AmeriCorps Week Blog Series: The Power of Service

Brendan Anderson
March 8th, 2017
Posted In: Awareness, Education, Events, In Real Life, Mentoring Stories

In honor of AmeriCorps Week, we are joining the national celebration to recognize those who choose to serve. In its almost 25 year history, AmeriCorps has engaged over 1 million United States citizens to build our homes, teach our youth, strengthen our businesses, protect the environment, and serve as mentors. To demonstrate the real life impact of national service, we asked some of our staff to reflect on their experiences with AmeriCorps.

“Never doubt that a small group of thoughtful, committed citizens can change the world; indeed, it is the only thing that ever has.”

–Margaret Mead

Service is hard. It’s demanding and perpetually tiring, challenging and often daunting. But it’s worth it.

The people you meet, the experiences you share, the work you do carries through the hard times and makes those moments of success or realization shine with a joy lasting long after the year is done.

For some, like Adrienne Popeney (Manager, Affiliate Network) and Sam Hawes (Digital Communications Associate), these success stories are rooted in the creation of systems that continue to thrive. While still in college and serving with ACCORD for Youth, Adrienne Popeney, convinced the administration of the school where she was based to create an afterschool program for fourth and fifth grade students to benefit from additional learning time. She even managed to secure the grants to make it a reality and self-sufficient for years to come.

Sam served as an AmeriCorps VISTA with Room to Grow, a non-profit dedicated to enriching the lives of babies born into poverty throughout their critical first three years of development. As part of his service, he contributed to the creation of a family-volunteer project to engage the community’s support in new ways – a project that continues to support children born into poverty and their families.

For Jennifer Bourgoin (Program Manager) and Brendan Anderson (Marketing and Communications VISTA), it’s the story of students. Jen served two years with Generations Incorporated, a Boston-based non-profit working to improve the literacy of youth by matching them with adults for tutoring and mentoring. Like any mentoring relationship, it began as a challenge. “Gabe* was a first-grader who was far more interested in playing games than reading with me,” she fondly recalls. “Every Tuesday and Thursday, I would search for Gabe throughout the Boys & Girls Club until I’d see his feet sticking out from under a table.”

Brendan served with City Year Boston where he partnered with the teacher of a third-grade classroom to provide targeted support in attendance, behavior, and coursework in Math and English. “There were many students who inspired and challenged me in different ways,” says Brendan, “but I always think back to Kenny* discovering Charlotte’s Web. He was upset, so we took a walk around the school to let him calm down. While we walked, I told him the beginning of the story we were reading in class and, by the time we got back, he was ready to listen. Ever after, whenever it was time to read Charlotte’s Web, he was the first one ready.”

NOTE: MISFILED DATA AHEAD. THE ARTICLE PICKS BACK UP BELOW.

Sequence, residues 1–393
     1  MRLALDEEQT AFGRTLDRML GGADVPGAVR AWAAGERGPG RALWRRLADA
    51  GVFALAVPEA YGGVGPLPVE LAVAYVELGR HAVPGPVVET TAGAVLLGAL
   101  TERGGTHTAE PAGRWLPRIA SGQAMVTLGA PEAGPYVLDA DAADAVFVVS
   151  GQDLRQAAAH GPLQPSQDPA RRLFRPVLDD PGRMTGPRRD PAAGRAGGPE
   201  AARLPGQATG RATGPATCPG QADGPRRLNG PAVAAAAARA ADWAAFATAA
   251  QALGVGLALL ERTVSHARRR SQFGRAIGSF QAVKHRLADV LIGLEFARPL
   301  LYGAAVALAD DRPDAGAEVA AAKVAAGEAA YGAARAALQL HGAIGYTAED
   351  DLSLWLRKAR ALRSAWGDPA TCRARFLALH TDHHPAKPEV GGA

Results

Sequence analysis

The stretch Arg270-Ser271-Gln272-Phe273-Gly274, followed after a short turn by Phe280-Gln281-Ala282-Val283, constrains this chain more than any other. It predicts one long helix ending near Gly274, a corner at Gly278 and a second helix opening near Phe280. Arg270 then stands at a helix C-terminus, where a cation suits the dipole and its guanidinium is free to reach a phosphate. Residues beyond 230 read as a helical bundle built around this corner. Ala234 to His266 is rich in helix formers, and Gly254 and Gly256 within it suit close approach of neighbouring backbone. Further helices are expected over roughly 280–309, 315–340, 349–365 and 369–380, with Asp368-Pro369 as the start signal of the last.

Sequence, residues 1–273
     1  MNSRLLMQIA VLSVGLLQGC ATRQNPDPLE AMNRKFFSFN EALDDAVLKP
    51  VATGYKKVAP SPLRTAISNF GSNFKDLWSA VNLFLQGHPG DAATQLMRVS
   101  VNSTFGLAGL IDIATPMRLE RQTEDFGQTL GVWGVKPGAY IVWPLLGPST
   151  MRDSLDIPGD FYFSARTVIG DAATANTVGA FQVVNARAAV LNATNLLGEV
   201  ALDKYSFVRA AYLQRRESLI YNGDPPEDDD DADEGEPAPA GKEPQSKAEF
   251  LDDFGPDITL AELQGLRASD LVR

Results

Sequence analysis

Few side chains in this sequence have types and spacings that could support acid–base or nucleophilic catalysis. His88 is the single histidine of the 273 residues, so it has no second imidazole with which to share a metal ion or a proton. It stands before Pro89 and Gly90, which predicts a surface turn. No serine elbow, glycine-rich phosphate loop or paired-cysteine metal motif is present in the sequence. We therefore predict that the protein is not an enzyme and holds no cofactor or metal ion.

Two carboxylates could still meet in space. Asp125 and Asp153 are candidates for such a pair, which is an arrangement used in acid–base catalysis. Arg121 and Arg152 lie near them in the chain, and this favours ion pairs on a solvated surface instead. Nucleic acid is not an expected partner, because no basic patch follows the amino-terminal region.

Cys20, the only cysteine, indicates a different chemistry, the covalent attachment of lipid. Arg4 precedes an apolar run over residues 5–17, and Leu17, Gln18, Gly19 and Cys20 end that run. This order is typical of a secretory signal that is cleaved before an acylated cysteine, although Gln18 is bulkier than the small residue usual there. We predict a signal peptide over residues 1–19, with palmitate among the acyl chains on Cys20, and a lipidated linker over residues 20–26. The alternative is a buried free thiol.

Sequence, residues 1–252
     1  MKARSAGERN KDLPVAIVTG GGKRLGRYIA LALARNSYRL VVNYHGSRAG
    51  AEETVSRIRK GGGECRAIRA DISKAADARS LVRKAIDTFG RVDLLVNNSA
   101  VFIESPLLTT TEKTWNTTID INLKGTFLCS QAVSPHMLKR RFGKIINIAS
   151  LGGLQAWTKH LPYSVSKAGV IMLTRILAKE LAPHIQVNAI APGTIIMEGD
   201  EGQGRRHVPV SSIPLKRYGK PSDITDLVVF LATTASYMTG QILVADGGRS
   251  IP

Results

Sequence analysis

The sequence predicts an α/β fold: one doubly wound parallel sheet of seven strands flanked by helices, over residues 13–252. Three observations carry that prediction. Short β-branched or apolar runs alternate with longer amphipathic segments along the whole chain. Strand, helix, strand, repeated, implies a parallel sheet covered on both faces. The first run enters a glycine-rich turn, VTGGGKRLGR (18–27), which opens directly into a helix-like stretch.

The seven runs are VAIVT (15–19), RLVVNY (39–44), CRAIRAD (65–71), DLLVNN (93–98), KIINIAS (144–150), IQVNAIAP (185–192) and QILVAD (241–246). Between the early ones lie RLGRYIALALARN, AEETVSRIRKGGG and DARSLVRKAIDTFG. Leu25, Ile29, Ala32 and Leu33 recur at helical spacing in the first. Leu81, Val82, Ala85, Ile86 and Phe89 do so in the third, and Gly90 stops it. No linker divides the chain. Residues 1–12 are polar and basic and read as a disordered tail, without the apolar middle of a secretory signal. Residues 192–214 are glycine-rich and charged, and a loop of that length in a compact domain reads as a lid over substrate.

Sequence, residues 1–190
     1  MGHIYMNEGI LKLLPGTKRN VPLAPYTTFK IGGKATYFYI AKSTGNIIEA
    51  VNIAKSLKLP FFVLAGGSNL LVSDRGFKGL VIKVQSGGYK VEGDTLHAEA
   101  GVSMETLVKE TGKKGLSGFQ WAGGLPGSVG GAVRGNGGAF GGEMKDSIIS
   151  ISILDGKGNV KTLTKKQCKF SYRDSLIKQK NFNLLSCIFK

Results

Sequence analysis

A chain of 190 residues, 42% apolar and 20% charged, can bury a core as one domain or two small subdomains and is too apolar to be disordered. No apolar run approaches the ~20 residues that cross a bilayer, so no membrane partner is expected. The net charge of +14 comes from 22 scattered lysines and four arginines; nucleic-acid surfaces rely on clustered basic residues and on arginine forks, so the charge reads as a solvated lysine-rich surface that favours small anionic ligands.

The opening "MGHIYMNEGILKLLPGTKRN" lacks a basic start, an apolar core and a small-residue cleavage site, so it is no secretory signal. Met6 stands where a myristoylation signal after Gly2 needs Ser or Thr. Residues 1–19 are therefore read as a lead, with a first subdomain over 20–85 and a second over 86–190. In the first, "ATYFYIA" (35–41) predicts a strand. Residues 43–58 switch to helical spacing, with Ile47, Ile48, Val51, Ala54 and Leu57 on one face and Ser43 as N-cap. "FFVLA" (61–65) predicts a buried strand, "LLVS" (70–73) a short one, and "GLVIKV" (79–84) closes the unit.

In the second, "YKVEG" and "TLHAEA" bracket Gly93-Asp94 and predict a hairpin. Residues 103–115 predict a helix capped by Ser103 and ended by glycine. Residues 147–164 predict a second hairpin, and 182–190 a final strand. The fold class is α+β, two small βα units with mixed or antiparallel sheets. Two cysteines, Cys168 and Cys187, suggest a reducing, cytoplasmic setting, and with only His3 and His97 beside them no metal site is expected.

Jen also saw a change in Gabe’s perspective over the year. “Gabe and I eventually developed a bond based on a light-hearted sense of humor and shared love of the Patriots. He took our conversations down unfamiliar routes that wound through fashion (his area of expertise, not mine), basketball, and sneaker brands. I was amazed how invested I was watching him mature as his literacy also improved.”

A year is a relatively short time, little more than a moment in the grand scheme of things, but the changes worked in that time continue radiating long after. In fact, some of the moments remembered most clearly by Delia Hagan (Program Manager), who served for a summer with Hands On Gulf Coast coordinating volunteers to rebuild after Katrina, are the fun activities she organized for volunteers to enjoy after hard days of building. From talent shows to bonfires on the beach, the moments of joy she inspired in her service members glowed as a reminder that her work made a difference.

In the end, all service years are like bonfires on the beach: glowing moments of warmth and comfort whose light is carried forward by those gathered near. You never know whom you might inspire with such a fire or how far its light may reach.

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*All student names have been changed to protect privacy.

Follow our blog throughout the week for more stories of service.

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